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POL214Y5 (32)
Chapter 21

POL 214 Chap 21

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Political Science
David Pond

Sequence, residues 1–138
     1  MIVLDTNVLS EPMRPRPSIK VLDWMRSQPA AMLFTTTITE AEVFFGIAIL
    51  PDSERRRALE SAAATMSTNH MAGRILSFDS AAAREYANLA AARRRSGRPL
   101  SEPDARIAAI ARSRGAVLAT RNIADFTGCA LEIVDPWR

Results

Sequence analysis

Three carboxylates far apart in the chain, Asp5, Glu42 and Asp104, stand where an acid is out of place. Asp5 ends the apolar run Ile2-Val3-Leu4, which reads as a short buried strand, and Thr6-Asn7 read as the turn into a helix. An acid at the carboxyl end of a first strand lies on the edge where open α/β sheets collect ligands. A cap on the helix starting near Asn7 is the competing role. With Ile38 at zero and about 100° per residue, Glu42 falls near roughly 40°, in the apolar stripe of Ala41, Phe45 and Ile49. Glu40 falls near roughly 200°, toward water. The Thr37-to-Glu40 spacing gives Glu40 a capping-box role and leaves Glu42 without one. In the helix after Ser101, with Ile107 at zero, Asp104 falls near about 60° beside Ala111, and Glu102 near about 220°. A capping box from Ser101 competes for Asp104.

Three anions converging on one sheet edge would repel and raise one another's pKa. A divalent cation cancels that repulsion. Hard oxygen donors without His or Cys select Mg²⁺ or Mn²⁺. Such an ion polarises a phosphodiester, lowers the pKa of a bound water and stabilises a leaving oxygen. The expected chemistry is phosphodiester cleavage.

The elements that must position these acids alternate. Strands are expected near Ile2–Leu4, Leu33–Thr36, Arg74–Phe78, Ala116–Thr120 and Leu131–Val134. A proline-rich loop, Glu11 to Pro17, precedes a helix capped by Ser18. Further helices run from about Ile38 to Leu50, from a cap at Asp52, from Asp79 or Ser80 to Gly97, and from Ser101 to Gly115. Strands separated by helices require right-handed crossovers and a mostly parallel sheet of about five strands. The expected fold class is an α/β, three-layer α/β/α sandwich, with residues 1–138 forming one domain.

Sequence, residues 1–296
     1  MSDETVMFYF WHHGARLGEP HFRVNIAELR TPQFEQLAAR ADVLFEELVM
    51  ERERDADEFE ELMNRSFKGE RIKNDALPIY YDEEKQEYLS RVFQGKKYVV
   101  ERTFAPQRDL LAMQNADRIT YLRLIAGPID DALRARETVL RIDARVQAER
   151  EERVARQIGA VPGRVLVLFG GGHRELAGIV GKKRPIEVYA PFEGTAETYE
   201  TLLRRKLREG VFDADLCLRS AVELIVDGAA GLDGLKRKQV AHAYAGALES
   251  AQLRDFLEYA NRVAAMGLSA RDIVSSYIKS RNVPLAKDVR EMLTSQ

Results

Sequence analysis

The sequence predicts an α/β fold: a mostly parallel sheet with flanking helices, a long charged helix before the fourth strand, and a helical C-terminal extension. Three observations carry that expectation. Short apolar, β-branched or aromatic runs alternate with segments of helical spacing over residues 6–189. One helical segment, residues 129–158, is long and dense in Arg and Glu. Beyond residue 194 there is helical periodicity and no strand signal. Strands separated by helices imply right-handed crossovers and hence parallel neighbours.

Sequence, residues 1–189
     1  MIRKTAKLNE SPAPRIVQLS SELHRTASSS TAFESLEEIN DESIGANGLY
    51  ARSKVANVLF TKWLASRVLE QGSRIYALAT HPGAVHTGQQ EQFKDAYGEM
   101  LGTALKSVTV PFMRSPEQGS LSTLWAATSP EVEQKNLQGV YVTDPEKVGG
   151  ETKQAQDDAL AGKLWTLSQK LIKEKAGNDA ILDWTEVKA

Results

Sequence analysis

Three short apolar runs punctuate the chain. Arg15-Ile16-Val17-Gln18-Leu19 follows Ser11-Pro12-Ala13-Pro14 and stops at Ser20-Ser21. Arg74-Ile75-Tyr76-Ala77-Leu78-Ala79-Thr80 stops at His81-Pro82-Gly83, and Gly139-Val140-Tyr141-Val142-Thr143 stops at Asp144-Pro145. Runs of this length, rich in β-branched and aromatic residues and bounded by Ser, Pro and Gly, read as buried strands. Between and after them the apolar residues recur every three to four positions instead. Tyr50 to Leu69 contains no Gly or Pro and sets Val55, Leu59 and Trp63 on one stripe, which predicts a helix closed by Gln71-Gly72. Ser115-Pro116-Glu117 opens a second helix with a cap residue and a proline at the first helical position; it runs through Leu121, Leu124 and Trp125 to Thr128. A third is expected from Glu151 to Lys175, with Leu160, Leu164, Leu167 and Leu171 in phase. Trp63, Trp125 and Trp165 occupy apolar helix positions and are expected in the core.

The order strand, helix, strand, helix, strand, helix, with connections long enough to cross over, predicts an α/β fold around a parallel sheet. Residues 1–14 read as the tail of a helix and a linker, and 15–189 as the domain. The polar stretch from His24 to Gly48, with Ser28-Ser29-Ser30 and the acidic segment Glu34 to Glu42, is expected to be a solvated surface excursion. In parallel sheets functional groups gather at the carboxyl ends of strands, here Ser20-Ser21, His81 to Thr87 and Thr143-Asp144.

Chapter 21- The Executive: The Crown, Prime Minister & Cabinet The Crown Canada has a constitutional monarchy which is a democracy headed by a king or queen The queen is the head of state but she reigns according to the constitution Effective executive powers lie with the PM and Cabinet Executive decisions are made as advice to the queen and she must take it whether it is welcomed or not. There are 3 aspects that reflect the existence of the monarchical system: Loyal Opposition, Royal Assent and Speech from the throne. Governor General Local representative of the queen in Canada He can exercise any of her powers/functions in her absence He had a double role back when Canada was a British colony wherein he exercised powers on behalf of the British cabinet and today; he is only a representative of the queen and holds no connection to the British Government. Canadian PM appoints GG for a term of 5 years and he appoints both Anglophones and Francophone. Powers of the Crown The queen and governor general derive their powers from three sources: The Constitution Act- 1867, Letters Patent and the Royal Prerogative. The queen was given power to appoint extra senators by the 1867 Act. The governor general was given powers to appoint senators and judges, speaker of the senate, give royal assent to legislation and to recommend money bills to the House of Commons. The governor in council, a.k.a the cabinet was given power to appoint lieutenant governors and other officers. The Letters Patent is a document that creates the office of the governor general. It grants the GG powers of the monarchy, power to appoint or remove ministers and judges, power to dissolve, summon and prorogue parliament and power of pardon. Royal prerogative powers revolve around the residual authority of the Crown when the monarch used to exist back in the day. These are unwritten powers and are vulnerable to parliamentary restriction. Powers included ones to negotiate treaties, call war and peace and to appoint ambassadors. They were taken away and given to the PM and Cabinet. Most important prerogative power of the GG is to appoint the PM and this must be done based on constitutional conventions (unwritten rules). Ensuring that the office of the PM is never vacant, the GG relies on political parties and elections to be able to choose a PM. However, there have been some unexpected circumstances. One was the sudden death of John. A. Macdonald. In both cases, the conservative party did not have an obvious successor. Now, that has changed as political parties are better organized and prefer to choose their own leader. Two controversial acts of GG: 1.Charles Tupper & Lord Aberdeen This case concerned making government appointments. They are officially authorized by the GG but are decided upon by the PM and Cabinet. Charles Tupper government had lost the election and wanted to retain office. He presented a list of recommended appointments to the GG. The GG refused as he felt the newly elected Wilfred Laurier had authority to make these appointments. The GG thought he was upholding the Constitution. 2. King-Byng Dispute This case concerned the dissolution of parliament. The GG normally summons and dissolves parliament on advice of PM but in this case, Byng refused. He was influenced by the fact that there was the King government was involved in a scandal with the customs department and that was the debate being held in the Commons. The request for dissolution seemed like an attempt to hide what was going on and to avoid defeat in the Commons. Lord Byng also wanted to avoid an election, as another government was somewhat available. When that government fell in 3 days and was granted dissolution, it seemed like the GG had acted in a partisan (biased) way. Another prerogative power of the GG is to dismiss a government. Constitutional convention allows a GG to do so if the government doesnt resign after a defeat, or refuses to call an election after a clear vote of non- confidence. It is agreed that the GG should leave outrageous behavior to the will of the electorate (citizens/people qualified to vote). In normal situations, the GG must act on the advice of the PM and Cabinet. In emergency situations, the GG must only invoke his powers if things have reached a dangerous point. The GG is also known as a constitutional fire extinguisher. Advantages and Disadvantages of the Monarchy The queens role as a Canadian head of state has existed
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